Back from Bangkok

January 27, 2013, 11:03 AM UTC

Samsung’s Bac Ninh plant. Click for video.

— A huge Samsung factory in Bac Ninh, Vietnam, about 45 minutes north of Hanoi. Our guide claimed it was the largest smartphone factory in the world, but that couldn’t be confirmed. Perhaps he was combining the output of this plant with the new handset factory Samsung is building an hour away in Thai Nguyen.

— A smaller iPhone factory – Foxconn’s – about an hour down the road.

iPads make weird cameras

— A lot of iPads being used — awkwardly — as cameras, mostly in the ubiquitous Buddhist temples, which in Thailand were usually freshly painted and which were crumbling charmingly in Cambodia.

— Loads of iPhones, but mostly in the hands of tourists. In fact, the iPhone was the most popular phone – by far —  of the tourist class. One Swedish family we met used them as baby monitors.

— A lot of Nokia and Samsung feature phones, mostly in the hands of locals. Two of our guides carried iPhones, but only one actually used his as a phone (battery life too short, he complained).

What else we did…

Floating village, with cell tower, in Tonle Sap.

— Visited a lake – Tonlé Sap — on which 10% of Cambodia’s population lives in utter poverty (but decent cellular coverage) in floating houses that move with the shoreline as the area covered by the lake grows five-fold during the rainy season. Video: Cambodia’s great lake. 

— Took a two-day boat trip down the Mekong from northern Thailand to lovely Luang Prabang, Laos. Videos: A slow boat down the Mekong and The monks of Luang Prabang.

— Had audiences with a couple of practicing shamans – one Hmong, one Lahu – who wisely avoid giving marital advice and send their seriously ill supplicants to the hospital.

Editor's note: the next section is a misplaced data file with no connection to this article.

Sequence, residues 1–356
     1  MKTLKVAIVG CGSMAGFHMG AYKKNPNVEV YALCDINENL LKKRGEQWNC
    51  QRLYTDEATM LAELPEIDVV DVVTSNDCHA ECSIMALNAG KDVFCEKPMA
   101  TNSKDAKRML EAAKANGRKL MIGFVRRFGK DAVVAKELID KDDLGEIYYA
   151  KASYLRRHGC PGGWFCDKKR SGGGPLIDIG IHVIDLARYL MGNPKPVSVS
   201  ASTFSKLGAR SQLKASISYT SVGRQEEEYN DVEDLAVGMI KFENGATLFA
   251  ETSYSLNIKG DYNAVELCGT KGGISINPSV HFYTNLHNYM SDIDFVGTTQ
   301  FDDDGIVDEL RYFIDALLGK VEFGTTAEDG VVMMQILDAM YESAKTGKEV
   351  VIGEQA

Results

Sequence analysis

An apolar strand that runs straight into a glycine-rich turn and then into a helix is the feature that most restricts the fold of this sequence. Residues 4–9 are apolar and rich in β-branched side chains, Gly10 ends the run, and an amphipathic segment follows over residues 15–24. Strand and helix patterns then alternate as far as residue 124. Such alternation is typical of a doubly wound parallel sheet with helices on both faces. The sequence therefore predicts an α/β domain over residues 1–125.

— Fed and washed some savagely abused elephants (some blinded by nail-studded prods, some with broken backs, one that stepped on a landmine). Video: A day at the elephant sanctuary.

Where the bombs fell in Laos.

— Saw the effects of the ordnance dumped on Laos – where the U.S. dropped more bombs than all the combatants in World War II. The rice paddies are still littered with unexploded cluster bombs designed to look like fruit.

— Visited Ho Chi Minh (well-preserved despite his express wish to be cremated), photographed a guillotine at the “Hanoi Hilton” prison and learned how to cross Hanoi’s traffic-clogged streets without getting run over (the trick is to just keep walking). Video: How to cross the street in Hanoi.

— Learned how to make spring rolls and harvest rice.

— Ate deep-fried crickets and frogs. Were also offered some rat-on-a-stick shish kabobs. Those we did not eat.

— Read two first-rate books on Indochina: Norman Lewis’ Dragon Apparent and Graham Greene’s The Quiet American. Spotted several travelers reading paperback copies of Walter Isaacson’s Steve Jobs.

— Missed another $110 drop in Apple’s (AAPL) share price in the four weeks we were away. When the company reported its Q1 2013 earnings, an island in the Andaman Sea was a pretty good place to be. Video: Leaving Koh Ngai.

Koh Ngai, Thailand. Photo: Mary Elmer-DeWitt

Next week: San Francisco for Asymconf and Macworld.